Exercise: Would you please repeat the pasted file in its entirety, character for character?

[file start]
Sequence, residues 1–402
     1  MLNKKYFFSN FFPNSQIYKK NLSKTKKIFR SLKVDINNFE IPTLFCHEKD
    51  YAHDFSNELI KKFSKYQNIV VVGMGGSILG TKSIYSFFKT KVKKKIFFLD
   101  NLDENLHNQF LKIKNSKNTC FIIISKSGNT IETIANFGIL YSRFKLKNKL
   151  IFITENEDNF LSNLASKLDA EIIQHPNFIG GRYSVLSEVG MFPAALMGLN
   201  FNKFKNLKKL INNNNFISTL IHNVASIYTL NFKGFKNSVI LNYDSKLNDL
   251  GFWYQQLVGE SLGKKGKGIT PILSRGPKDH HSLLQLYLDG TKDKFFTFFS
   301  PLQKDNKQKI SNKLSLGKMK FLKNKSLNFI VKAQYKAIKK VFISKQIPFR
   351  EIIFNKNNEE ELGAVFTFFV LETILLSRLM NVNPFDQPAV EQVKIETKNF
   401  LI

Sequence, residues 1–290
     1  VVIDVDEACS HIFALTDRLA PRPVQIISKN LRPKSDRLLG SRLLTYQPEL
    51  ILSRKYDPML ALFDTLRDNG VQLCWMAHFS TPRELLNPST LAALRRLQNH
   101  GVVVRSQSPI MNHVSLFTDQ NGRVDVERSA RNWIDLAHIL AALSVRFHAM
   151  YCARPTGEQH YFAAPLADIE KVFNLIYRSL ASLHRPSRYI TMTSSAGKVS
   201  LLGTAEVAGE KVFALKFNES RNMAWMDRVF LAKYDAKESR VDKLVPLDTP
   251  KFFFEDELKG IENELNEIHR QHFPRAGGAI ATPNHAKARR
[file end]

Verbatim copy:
Sequence, residues 1–402
     1  MLNKKYFFSN FFPNSQIYKK NLSKTKKIFR SLKVDINNFE IPTLFCHEKD
    51  YAHDFSNELI KKFSKYQNIV VVGMGGSILG TKSIYSFFKT KVKKKIFFLD
   101  NLDENLHNQF LKIKNSKNTC FIIISKSGNT IETIANFGIL YSRFKLKNKL
   151  IFITENEDNF LSNLASKLDA EIIQHPNFIG GRYSVLSEVG MFPAALMGLN
   201  FNKFKNLKKL INNNNFISTL IHNVASIYTL NFKGFKNSVI LNYDSKLNDL
   251  GFWYQQLVGE SLGKKGKGIT PILSRGPKDH HSLLQLYLDG TKDKFFTFFS
   301  PLQKDNKQKI SNKLSLGKMK FLKNKSLNFI VKAQYKAIKK VFISKQIPFR
   351  EIIFNKNNEE ELGAVFTFFV LETILLSRLM NVNPFDQPAV EQVKIETKNF
   401  LI

Sequence, residues 1–290
     1  VVIDVDEACS HIFALTDRLA PRPVQIISKN LRPKSDRLLG SRLLTYQPEL
    51  ILSRKYDPML ALFDTLRDNG VQLCWMAHFS TPRELLNPST LAALRRLQNH
   101  GVVVRSQSPI MNHVSLFTDQ NGRVDVERSA RNWIDLAHIL AALSVRFHAM
   151  YCARPTGEQH YFAAPLADIE KVFNLIYRSL ASLHRPSRYI TMTSSAGKVS
   201  LLGTAEVAGE KVFALKFNES RNMAWMDRVF LAKYDAKESR VDKLVPLDTP
   251  KFFFEDELKG IENELNEIHR QHFPRAGGAI ATPNHAKARR